Lou Reed & Metallica [USA]
Ever since their last proper thrash/heavy metal album in the form of 1991’s eponymous album, Metallica has been going downhill, first with their attempts at hard rock with the Load/Reload albums before finally going “back to their original form” with 2008’s Death Magnetic. While Death Magnetic wasn’t exactly what a die hard fan of Metallica‘s earlier works would consider a return to form per se when compared to masterpieces like Master of Puppets and Ride the Lightning, this was certainly an indication of a move towards the right direction.
Things started looking up until the band’s announcement of a collaboration project with famed rock singer/songwriter Lou Reed, which left followers scratching their head, wondering what this collaboration would result in. Right from the start, this smelled almost like a quick cash-grab strategy, what with the high profile announcements and the numerous dramatic narrations of behind-the-scenes incidents that displayed the apparently weak and human side of Metallica guitarist James Hetfield and Kirk Hammett, with each of them being “brought to tears” during the recording of Junior Dad. The eventual release of the album brought about sharp criticisms, especially in the metal scene. Nevertheless, the optimistic side of me decided to take the risk and find out what the big hoo-ha was all about.
Lulu opens with a somewhat bluesy feel with Brandenburg Gate, and this is certainly uncharacteristic of Metallica, and with the opening moments one almost feels threatened with the possibility of this being an entirely acoustic album with no rock instrumentals. Fortunately soon the electric guitars and drums come in, but this silver lining lasts for only a slight moment as Lou Reed begins his rants about whatever, going on and on like a bitter old man, while James Hetfield does nothing but shouts “small-town girl” at the background, sounding like a broken record. Even when Lou Reed attempts to sing, there are moments when he sounds almost as if he were struggling to keep a pitch, and for the most part sound out of tune. And this goes on for almost the entirety of the album. Thanks Lou Reed, for offering to tell me your life story and your random rants, but no thanks. At least do this in a more interesting format if you really have to let me know what you’ve been through in the past 60 odd years of your life. The extent of annoyance from his vocals is such that even the unimpressive vocals of James Hetfield suddenly sounds extremely welcome.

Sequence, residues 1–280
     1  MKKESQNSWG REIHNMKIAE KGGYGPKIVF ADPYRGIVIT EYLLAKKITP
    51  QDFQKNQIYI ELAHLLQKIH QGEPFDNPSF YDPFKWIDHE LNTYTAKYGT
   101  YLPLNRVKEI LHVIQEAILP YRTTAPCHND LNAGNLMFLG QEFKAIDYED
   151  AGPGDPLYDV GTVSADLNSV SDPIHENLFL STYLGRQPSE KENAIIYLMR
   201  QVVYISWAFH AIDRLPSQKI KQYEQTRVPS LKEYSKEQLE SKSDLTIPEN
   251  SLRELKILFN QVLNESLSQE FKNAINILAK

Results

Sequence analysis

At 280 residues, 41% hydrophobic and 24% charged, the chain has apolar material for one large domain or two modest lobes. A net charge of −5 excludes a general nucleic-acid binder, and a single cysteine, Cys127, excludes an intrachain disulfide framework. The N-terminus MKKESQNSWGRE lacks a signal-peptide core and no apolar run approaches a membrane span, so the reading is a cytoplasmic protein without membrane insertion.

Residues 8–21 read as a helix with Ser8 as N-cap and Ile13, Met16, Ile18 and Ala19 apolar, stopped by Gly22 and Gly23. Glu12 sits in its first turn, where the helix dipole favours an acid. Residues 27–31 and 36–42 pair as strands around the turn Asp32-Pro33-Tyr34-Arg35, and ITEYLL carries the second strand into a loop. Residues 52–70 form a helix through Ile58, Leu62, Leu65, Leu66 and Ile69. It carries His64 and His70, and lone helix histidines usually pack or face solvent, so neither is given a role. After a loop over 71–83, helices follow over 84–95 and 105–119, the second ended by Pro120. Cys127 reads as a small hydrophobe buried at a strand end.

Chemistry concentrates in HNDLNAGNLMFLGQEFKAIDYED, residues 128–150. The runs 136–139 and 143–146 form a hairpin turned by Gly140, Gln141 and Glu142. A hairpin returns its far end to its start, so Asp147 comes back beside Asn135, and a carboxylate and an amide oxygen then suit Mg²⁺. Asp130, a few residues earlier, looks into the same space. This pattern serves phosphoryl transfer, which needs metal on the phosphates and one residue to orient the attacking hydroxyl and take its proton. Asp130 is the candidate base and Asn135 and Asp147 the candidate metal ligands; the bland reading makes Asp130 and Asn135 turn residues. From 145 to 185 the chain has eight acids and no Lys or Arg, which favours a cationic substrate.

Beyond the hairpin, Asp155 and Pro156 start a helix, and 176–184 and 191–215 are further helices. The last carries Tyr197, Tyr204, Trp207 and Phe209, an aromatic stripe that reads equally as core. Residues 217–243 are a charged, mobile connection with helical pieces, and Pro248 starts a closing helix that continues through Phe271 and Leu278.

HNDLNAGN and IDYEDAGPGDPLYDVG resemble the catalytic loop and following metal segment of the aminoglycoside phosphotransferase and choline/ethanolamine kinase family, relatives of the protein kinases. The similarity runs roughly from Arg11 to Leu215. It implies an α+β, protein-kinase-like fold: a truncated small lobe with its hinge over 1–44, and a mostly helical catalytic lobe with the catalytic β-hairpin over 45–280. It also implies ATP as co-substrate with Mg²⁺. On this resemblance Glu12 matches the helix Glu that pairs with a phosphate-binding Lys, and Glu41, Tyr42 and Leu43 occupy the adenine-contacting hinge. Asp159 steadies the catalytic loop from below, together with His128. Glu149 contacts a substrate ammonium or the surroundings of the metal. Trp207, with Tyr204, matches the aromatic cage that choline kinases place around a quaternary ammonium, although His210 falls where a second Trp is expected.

Sure, there are heavy metal moments such as those on The View and the few chugging riffs on Pumping Blood, but for the most part of the album the riffs presented are repetitive and lack any sense of creativity, and it sounds as if the band had run out of songwriting ideas. Even the few lead lines on the album are extremely emotional, sounding more like what pop-punk bands would write instead. The attempts to include other stringed classical instruments like those on Pumping Blood instantly remind me of the abomination that is S&M, only that this is infinitely worse (and it doesn’t help that Lou Reed sounds as if he were struggling to keep up with the rhythm). Pumping Blood also sees the band attempting a more metal style, but this fails badly, with the entire band just sounding totally incoherent towards the end of the song, with Lars going trigger-happy behind his kit. Mistress Dread also contains some thrash metal moments at the beginning of the song, and as usual, Lou Reed has to come in and further spoil the entire thing (though there’s nothing particularly special about the instrumentals as well) and ends up making the song sound like a bad karaoke session. The only decent track is perhaps Iced Honey, and the song is hardly even “heavy”, so to speak, and could have worked as a pop-rock track instead, and Frustration contains quite a number of decent riffs as well, but that is about all that is good that is offered on Lulu.
As if the 4 minute Brandenburg Gate weren’t bad enough, the album is plagued by tracks that start getting longer from the middle of the album onwards, prolonging the suffering that the listener has to go through. In particular, Cheat on Me have an unnecessary and extremely long intro, leaving the listener to become bored easily and Little Dog ends up sounding pretty pointless and gets nowhere. Dragon takes too long to build up for only a short moment of slight Death Magnetic-styled satisfaction and Junior Dad, while being one of the more bearable tracks initially, end up dragging on for far too long.. I know, I know, it’s not nice to laugh at such a “sincere” record, but Lulu certainly sounds like an overdone April Fools’ prank to longtime fans of Metallica. Many bands progress over the years, but this? This is regression, not progression. Much as the band talks about how this is the “best damn thing ever written”, they can live in their own little cocoon. It still leaves me wondering how I managed to sit through the entire whole 1 and a half hour.